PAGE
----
Why it’s time for Germany to leave the eurozone


FRANKFURT, GERMANY - JULY 06: The Euro sculpture, near the old ECB headquarters, undergoes maintenance on July 6, 2015 in Frankfurt, Germany. The DAX dropped slightly in the morning though investors remain cautious as the consequences of the referendum remain uncertain. Greeks voted in a strong majority against the reform plan proposed by the troika of the European Central Bank, the International Monetary Fund and the European Commission in a move that many fear will lead to a departure by Greece from the Eurozone. (Photo by Hannelore Foerster/Getty Images)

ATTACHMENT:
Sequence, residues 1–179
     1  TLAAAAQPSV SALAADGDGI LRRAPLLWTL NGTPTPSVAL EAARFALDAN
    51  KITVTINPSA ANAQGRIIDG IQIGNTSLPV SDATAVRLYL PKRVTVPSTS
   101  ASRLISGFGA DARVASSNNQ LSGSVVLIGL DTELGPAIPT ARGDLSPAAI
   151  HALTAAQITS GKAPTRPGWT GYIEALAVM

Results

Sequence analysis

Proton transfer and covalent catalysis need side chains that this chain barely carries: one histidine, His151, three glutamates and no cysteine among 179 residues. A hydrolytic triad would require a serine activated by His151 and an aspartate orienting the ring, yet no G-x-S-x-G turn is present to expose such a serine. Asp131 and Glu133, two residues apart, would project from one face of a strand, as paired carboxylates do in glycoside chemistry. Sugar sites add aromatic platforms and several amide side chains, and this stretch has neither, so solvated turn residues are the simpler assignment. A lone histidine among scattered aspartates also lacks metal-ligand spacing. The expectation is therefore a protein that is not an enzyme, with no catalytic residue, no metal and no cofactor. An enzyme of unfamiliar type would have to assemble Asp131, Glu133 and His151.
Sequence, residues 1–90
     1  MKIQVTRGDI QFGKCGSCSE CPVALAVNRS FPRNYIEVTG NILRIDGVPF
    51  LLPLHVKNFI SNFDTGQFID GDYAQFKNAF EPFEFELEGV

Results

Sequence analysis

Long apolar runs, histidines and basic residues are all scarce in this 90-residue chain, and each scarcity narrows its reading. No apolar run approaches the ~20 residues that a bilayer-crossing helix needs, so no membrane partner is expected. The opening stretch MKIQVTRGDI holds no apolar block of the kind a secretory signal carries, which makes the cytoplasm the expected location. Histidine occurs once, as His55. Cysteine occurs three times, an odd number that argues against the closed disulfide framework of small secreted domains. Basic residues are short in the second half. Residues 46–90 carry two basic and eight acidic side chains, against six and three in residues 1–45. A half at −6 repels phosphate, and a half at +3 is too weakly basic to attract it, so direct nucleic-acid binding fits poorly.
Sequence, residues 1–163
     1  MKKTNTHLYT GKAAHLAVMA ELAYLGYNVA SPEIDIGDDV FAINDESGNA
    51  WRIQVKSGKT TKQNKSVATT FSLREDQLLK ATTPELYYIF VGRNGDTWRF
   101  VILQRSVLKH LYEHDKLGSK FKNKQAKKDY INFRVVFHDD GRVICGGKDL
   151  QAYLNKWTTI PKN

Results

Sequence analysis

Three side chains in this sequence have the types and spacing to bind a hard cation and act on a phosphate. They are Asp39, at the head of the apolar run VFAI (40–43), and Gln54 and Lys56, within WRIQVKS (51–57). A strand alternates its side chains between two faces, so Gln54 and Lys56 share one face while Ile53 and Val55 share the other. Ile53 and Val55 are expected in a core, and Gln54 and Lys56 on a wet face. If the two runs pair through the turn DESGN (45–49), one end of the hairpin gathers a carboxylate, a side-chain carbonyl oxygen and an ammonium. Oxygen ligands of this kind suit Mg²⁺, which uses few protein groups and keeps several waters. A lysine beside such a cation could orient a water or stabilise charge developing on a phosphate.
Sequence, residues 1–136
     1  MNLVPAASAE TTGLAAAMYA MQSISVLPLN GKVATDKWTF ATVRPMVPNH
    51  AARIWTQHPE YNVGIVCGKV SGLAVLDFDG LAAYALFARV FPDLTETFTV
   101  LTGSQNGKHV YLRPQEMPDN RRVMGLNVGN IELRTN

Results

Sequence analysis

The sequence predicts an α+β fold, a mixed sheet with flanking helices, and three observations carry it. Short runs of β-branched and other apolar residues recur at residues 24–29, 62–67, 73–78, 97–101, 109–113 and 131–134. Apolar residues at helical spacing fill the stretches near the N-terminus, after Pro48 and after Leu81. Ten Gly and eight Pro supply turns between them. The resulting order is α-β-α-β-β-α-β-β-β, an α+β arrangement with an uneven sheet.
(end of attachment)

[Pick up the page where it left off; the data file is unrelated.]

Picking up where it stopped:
Germany’s finance minister, Wolfgang Schauble, has drawn opprobrium and praise in equal measure for his suggestion that Greece takes a “time-out” from the eurozone.

In proposing that Greece could be better off outside the euro, the irascible 72-year-old crossed a political rubicon: he confirmed that the single currency was “reversible” after all.

But having broken the euro’s biggest taboo, commentators have now suggested that it should be Mr Schaeuble’s Germany, rather than Greece, that should now take the plunge and ditch the euro.

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